He is also pretty high and mighty. His wife Anna (Jessica Chastain) is the daughter of an infamous Brooklyn gangster and it is implied that some of their wealth may have come from him or, at least, because of his behind-the-scenes influence. Abel, understandably, wants to make his own way and to be the architect of his own success, and he wants to do business in a way that he can be proud of and that will make his daughters proud. As the DA circles closer and the violent threats to his business become more serious, you can only wonder whether Abel's single-minded ambition will also be his downfall. "I've always been a bit more afraid of failure than of anything else," he says—and we believe him.

Isaac is great as the ambiguous protagonist whom you can't help but want to succeed. He isn't perfect, as Isaac's performance reflects, but he tries to do the right thing while also trying to triumph—he reminded me a bit of Tom Hardy's portrayal of the lead character in Locke. Chastain also puts in a strong performance playing against type: gangster's daughter, nouveau riche Anna is a far cry from the sweet, ethereal characters she usually plays. Underneath the bad dye job, the red lipstick and the tough veneer, though, Chastain gives Anna a certain vulnerability that seeps out from time to time — when she isn't busy shooting dead a wounded stag that her husband couldn't work up the courage to kill, that is.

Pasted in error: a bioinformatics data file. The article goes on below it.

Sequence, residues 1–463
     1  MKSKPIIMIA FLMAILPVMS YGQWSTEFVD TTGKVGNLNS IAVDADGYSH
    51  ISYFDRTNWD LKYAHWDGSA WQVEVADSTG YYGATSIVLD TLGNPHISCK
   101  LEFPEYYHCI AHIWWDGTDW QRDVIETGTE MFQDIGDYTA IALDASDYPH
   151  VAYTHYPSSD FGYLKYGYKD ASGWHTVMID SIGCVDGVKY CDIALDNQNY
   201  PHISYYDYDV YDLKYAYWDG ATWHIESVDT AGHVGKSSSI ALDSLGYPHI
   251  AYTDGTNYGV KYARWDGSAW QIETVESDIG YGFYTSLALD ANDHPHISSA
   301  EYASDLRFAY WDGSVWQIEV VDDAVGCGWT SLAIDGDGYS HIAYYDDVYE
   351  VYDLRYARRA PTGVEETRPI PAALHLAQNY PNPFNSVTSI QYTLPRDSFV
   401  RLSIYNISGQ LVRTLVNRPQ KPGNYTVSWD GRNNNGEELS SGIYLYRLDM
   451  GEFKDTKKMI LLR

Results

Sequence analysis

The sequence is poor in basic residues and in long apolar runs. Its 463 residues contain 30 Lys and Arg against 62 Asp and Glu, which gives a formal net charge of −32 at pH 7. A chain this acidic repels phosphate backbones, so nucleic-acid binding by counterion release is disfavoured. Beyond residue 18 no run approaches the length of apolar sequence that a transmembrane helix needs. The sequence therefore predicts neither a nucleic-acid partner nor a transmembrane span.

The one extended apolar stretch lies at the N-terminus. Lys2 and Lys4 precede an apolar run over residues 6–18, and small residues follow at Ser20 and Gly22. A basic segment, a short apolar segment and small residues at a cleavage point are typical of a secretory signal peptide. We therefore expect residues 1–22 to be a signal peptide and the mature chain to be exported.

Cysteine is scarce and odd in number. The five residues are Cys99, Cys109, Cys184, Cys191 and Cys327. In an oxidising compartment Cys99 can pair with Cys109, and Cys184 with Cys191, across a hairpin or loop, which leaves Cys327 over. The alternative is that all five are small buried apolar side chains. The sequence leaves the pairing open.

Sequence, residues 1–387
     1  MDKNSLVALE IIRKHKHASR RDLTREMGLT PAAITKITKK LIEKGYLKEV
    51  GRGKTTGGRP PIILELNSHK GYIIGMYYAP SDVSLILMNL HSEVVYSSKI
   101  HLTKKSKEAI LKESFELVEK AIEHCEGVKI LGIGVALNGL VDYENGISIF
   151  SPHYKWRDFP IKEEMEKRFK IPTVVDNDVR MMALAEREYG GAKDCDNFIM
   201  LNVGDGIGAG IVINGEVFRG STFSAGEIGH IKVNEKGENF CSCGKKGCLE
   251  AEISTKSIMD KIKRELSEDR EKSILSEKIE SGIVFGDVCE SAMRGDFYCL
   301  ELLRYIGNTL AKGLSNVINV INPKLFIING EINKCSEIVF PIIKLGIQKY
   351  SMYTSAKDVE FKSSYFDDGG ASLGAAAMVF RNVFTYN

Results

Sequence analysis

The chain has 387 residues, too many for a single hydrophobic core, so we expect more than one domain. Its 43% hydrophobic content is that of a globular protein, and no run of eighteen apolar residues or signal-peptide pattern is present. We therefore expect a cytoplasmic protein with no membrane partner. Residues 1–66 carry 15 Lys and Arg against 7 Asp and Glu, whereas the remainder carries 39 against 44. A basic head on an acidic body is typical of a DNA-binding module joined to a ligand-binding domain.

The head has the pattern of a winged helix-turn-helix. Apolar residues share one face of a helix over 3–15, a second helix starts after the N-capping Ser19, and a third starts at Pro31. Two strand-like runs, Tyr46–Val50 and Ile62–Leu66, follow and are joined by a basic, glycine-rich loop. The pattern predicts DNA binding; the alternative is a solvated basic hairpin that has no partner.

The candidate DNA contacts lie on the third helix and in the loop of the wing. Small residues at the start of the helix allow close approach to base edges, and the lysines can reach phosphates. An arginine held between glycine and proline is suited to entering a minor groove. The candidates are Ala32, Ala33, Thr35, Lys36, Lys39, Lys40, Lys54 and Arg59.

Chandor's film is an interesting mix of killer instincts and instinctive killers. A Most Violent Year is a compelling tale of corruption, competition and complacency. It clocks in at just over two hours, but it will keep you on the edge of your seat as it weaves its way through a dirty, bloody, dangerous New York City.

23 January 2015

The Caffeine Chronicles: Iris & June Review

I had heard great things at Victoria-based coffee shop and café Iris & June, but I'm so rarely in the Victoria area — it's a bit of a faff to get there from Bermondsey. On Saturday, though, all he stars aligned: I went to a lunchtime screening of American Sniper at the Curzon Victoria, which is just around the corner, and Iris & June was the perfect brunch spot.

Iris & June is on a quiet street, near the back entrance of House of Fraser. Inside, the décor is gorgeous: all clean white lines, and pops of mint, blue and grey. There are plenty of tables for drinking-in, and although it was a little dimly it, I did visit on a fairly brutal grey winter's day.